“Now back home to find my bed. I gotta cool buzz chillin’ inside my head.
But just before the sun breaks through, I choke a little laugh and think about
The trouble that we get into.”
Get ‘Em Outta Here, from San Diego’s own Sprung Monkey’s Mr. Funny Face, © 1998. Lyrics by Steve Summers
The parcel of land now known as San Diego was once home to a native population known as the Kumeyaay and was eventually discovered and claimed by Spain in 1542. In 1769, the area’s first European settlement was officially established. The area was claimed by Mexico in 1821 shortly after declaring itself an independent nation, and in turn became part of the United States after the Mexican American war in 1850 and officially became a city once the state of California was declared part of the union. In 1969, exactly 200 years after the area has been officially settled, Detroit native Shel Dorf moved to San Diego and declared it to be the once and future home of comic and pop culture fandom.
That last part doesn’t appear in any history books, but is probably the only part of San Diego’s history that’s relevant to comic fans. Similarly, while Comic-Con is the reason that many such fans are drawn to the city each year, there is much more to see and do in San Diego than just Comic-Con, which is why I make it a point to travel out there a couple of days early each year in order to experience the rich historical, cultural, and social scene that the city proudly offers year round but gets missed, ignored, or crowded out by Comic-Con. Since there is so much to offer, and since my own experiences are still fresh on my mind, and since said mind is still too weary to think of anything else to write about, I’m going to share my own, NON Comic-Con experiences during my week away. What kind of experiences, you ask?
I will tell you. This is the equivalent of Slides From My Vacation, so you’d better turn away now.
One of San Diego’s biggest tourist destinations, if not the biggest, is the world-famous San Diego Zoo, which unknown to many is actually part of the much larger Balboa Park, a historic landmark which also houses a number of other attractions such museums, gardens, and nature trails. The area is absolutely one of the most beautiful I have ever visited, but it’s all WAY too much to see in a single day, but I did the best I could before my feet and legs gave up in protest. I had to pace myself, after all; there was still 4 ½ days of con-going coming up.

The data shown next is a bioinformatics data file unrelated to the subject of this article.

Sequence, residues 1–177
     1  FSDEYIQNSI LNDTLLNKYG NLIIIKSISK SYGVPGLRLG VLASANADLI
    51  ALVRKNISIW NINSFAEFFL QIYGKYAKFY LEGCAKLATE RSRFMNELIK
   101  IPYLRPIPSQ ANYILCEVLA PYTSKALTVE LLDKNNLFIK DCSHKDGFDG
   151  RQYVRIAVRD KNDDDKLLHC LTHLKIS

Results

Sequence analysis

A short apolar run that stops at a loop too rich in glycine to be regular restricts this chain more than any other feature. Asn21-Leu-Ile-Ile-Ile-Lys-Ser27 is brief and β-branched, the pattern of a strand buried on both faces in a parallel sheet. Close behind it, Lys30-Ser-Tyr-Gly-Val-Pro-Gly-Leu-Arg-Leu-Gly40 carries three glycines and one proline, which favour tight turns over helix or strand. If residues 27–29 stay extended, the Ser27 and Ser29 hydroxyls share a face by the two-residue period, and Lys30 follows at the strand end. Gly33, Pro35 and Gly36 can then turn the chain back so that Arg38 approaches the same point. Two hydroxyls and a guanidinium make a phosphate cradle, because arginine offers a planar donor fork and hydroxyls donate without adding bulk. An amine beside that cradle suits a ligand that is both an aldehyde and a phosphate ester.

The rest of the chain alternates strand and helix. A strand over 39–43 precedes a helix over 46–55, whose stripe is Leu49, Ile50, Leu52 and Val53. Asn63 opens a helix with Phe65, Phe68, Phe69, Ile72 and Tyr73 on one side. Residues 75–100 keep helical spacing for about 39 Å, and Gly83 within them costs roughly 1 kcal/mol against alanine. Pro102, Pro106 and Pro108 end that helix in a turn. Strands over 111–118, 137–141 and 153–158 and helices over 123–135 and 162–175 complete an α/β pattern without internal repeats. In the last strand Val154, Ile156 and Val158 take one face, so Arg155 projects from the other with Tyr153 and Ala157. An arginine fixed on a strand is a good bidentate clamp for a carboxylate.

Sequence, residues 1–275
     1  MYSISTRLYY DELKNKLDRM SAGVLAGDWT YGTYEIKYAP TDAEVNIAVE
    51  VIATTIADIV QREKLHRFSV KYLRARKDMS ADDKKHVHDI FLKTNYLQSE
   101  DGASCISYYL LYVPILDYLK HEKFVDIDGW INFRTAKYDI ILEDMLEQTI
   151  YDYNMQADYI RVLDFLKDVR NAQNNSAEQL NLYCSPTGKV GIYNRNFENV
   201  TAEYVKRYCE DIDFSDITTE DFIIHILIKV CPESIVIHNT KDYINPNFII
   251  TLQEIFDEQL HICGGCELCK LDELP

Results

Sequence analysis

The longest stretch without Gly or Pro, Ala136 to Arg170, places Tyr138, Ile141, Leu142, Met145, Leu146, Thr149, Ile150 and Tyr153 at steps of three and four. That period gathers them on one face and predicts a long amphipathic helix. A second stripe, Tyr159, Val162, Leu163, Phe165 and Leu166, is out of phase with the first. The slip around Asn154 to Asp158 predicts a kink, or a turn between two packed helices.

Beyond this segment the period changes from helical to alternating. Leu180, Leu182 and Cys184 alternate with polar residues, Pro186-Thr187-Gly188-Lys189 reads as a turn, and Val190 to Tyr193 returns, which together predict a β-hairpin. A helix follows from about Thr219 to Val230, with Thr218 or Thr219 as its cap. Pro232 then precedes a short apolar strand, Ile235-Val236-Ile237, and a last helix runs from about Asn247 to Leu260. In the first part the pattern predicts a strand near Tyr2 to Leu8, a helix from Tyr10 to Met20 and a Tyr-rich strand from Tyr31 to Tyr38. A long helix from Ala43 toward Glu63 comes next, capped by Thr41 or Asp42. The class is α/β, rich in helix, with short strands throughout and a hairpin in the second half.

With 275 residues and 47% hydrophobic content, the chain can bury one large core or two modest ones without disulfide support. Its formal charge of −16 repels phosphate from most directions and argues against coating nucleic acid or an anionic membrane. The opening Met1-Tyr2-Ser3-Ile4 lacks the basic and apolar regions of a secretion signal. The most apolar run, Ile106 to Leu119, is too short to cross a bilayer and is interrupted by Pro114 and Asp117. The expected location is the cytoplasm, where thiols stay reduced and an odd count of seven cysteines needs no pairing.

Ocean Beach is a small, quiet community just a few miles northwest of downtown San Diego. Its main drag is full of not just open, airy restaurants and bars that satiate the appetites of both the hungry and thirsty after a day of beachgoing, but also small shops selling beach apparel, antiques, used CDs and LPs, and other knick-knacks. The smell of great food, the ocean spray, and a hint of incense makes it for an experience like no other. Its calming, tranquil atmosphere is the yin to Comic-Con’s intense and deafening yang. And like any other Cali beach, there are all kinds of attractive, um, wildlife always passing by. Sigh.
Lastly, as a comic fan who’s also a baseball fan, I opted to take a tour of nearby fairly-new Petco Park, home of the San Diego Padres and located across the street from the eastern edge of the convention center. And since I was only one of three taking the tour in this particular timeslot, mere hours before Preview Night at the con, I have to think that there really AREN’T many comic fans who are sports fans. Maybe that’s why the Padres are nowhere to be found during Comic-Con. Truthfully, though, according to Don the Tour Guide, Major League Baseball makes a deliberate effort to schedule the Padres for road games during Comic-Con, as requested by the city to avoid another 40K+ coming downtown for each game in addition to the 140K+ already there.
Of course, packing so much fun stuff into a trip like this makes for one exhausting vacation, but hey; I slept on the flight home. You know, I should really plan all of this cool and relaxing stuff AFTER Comic-Con, but then, I probably would never come back. Makes me wonder if Shel Dorf really planned on moving out there, or if the city just grabbed him and he forgot to come back . . .